What You Need To Know:
(PaPa, LL, VVV, S, D, M) Pagan worldview; 25 obscenities, mostly strong; very strong, excessive violence includes car wreck, woman hit by car, multiple stabbings, chokings, shootings, car explosions, and gore; sexual content includes allusions to sadomasochism and prostitution; some smoking depicted; and, lying, stealing and cheating.
IDENTITY is for people who just don’t get enough violence on TV. Nerve jangling, shocking and knee jerking in its intensity (all in just the first 10 minutes), viewers may well indeed wonder how they will last through the other eighty minutes of the movie!
John Cusack plays a limo driver who, while transporting his spoiled, waning movie star across the desert on a rainy night, connects forever with a family stranded on the side of the road, when he accidentally runs over the wife and mother. Quickly putting the victim into the limo against the movie star’s protests, he finds a rundown motel where he hopes they can find a working phone and a dry place for the dying woman. As the story progresses, several other guests arrive also stranded by the flash flooding that is blocking all roads out of the place.
Meanwhile, viewers learn of a psychotic killer being transported this same night to a hearing on a stay of execution, IF his psychiatrist can convince an impatient Nevada judge that the criminal is actually suffering from a multiple personality disorder and should be put in a mental hospital instead of an electric chair. As it turns out, unknown to the unlucky crew at the Motel, they are all “related” in some way to the killer and people start dying in particularly horrible ways!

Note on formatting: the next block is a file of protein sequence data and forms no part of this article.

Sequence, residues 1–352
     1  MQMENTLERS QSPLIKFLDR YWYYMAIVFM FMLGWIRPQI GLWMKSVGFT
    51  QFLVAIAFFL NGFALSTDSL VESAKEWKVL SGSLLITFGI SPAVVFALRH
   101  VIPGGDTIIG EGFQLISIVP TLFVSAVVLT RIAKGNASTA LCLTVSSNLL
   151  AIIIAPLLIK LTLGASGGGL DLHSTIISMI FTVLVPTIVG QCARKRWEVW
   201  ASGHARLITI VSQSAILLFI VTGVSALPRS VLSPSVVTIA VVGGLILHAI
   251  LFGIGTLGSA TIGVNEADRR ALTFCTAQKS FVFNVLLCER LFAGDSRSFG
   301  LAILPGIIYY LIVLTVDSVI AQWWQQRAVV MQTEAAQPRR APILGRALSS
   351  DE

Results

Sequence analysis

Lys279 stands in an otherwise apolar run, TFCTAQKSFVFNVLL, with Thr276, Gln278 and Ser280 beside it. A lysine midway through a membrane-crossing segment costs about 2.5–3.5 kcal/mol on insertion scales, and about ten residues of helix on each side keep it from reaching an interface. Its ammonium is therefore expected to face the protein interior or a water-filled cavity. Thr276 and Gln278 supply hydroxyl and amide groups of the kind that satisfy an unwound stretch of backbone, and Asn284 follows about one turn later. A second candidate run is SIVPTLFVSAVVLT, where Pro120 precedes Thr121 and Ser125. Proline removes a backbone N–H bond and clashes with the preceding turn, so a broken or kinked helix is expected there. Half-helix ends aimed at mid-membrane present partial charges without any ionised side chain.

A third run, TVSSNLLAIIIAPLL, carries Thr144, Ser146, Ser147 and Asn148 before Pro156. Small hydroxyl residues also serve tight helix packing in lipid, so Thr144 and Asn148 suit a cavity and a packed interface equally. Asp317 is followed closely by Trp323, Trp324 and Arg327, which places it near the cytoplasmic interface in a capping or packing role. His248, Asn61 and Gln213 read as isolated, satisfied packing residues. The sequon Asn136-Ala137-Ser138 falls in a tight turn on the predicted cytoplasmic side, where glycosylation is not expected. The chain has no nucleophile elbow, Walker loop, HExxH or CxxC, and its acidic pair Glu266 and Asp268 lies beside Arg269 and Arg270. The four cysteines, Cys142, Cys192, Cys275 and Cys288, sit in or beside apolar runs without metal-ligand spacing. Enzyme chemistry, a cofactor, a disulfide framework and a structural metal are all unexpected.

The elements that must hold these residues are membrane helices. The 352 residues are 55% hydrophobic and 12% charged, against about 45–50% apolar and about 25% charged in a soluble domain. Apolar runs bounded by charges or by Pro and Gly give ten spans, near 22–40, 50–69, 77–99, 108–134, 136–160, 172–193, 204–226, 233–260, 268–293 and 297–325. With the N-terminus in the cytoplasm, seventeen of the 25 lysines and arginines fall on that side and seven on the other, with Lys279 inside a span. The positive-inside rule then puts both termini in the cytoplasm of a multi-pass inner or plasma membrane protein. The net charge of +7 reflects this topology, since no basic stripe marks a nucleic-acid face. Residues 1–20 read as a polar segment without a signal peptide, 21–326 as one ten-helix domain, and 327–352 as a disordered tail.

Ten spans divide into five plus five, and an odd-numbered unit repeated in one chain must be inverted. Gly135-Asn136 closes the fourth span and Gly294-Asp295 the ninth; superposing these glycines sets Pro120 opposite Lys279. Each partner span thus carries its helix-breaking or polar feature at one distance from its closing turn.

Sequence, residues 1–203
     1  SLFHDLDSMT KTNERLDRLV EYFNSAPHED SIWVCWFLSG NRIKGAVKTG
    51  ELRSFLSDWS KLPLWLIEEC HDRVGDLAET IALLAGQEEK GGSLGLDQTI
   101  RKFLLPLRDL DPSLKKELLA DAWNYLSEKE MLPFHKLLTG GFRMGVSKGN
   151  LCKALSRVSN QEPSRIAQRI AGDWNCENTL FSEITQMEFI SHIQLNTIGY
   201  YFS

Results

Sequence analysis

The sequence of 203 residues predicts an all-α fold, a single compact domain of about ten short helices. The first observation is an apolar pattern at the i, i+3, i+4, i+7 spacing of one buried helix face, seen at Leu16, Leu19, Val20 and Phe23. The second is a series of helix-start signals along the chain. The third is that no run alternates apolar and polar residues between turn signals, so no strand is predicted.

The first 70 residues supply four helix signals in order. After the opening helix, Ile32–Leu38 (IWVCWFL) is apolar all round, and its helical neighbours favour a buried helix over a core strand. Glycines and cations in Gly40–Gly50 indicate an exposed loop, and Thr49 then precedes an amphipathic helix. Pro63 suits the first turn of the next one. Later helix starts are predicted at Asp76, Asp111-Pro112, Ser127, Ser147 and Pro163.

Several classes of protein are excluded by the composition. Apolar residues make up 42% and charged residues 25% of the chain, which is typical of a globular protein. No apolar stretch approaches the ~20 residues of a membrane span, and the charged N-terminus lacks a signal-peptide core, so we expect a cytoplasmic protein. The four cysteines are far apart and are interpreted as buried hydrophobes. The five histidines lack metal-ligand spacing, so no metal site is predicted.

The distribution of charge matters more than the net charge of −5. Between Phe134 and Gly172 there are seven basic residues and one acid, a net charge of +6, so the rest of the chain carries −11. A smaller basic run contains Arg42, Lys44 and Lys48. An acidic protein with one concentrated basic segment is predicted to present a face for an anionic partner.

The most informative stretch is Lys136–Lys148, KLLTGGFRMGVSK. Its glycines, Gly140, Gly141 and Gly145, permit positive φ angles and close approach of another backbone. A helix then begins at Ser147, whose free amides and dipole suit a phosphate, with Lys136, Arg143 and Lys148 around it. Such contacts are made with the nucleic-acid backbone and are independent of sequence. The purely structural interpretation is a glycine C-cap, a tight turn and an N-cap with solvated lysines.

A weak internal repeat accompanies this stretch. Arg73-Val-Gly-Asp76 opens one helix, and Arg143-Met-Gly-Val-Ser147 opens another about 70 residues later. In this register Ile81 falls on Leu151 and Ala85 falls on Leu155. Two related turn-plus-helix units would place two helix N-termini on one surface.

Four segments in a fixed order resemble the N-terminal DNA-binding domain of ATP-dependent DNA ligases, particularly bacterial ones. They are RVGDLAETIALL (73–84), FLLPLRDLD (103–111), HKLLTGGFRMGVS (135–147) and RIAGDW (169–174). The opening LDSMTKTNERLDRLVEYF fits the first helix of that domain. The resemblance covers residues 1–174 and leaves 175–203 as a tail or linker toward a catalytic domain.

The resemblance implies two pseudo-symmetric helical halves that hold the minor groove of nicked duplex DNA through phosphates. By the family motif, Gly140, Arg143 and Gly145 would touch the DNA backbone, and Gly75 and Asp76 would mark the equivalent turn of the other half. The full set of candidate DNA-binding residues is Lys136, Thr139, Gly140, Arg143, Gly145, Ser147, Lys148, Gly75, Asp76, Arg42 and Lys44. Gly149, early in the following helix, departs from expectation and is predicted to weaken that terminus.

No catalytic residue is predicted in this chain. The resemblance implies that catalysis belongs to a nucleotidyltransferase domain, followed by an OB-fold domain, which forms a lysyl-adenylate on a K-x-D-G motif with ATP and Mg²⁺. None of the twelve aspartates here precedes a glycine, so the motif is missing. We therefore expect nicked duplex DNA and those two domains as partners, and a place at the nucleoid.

For its genre, IDENTITY absolutely delivers the scares. The movie draws viewers into the story. It is unrelenting in its ability to strain one’s nerves. Directed by James Mangold, who also directed KATE AND LEOPOLD, it is as far from a romantic film as possible!
Well cast, with John Cusack and Ray Liotta in starring roles, IDENTITY does some nice twists on “what is reality, and what is in our minds.” Initially, the movie seems to be just another, “strangers-caught-in-a-haunted-motel-are-systematically-killed-by-an-unknown-boogie-man” B movie. To the director’s credit, he allows the viewer to settle “comfortably” into that storyline before twisting the plot in several different directions.
There is, however, no real redemptive point to this movie, which includes enough blood and gore to sicken Sam Peckinpah.
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Amy Pascal, Chairman
John Calley, Chairman/CEO
Sony Pictures Entertainment
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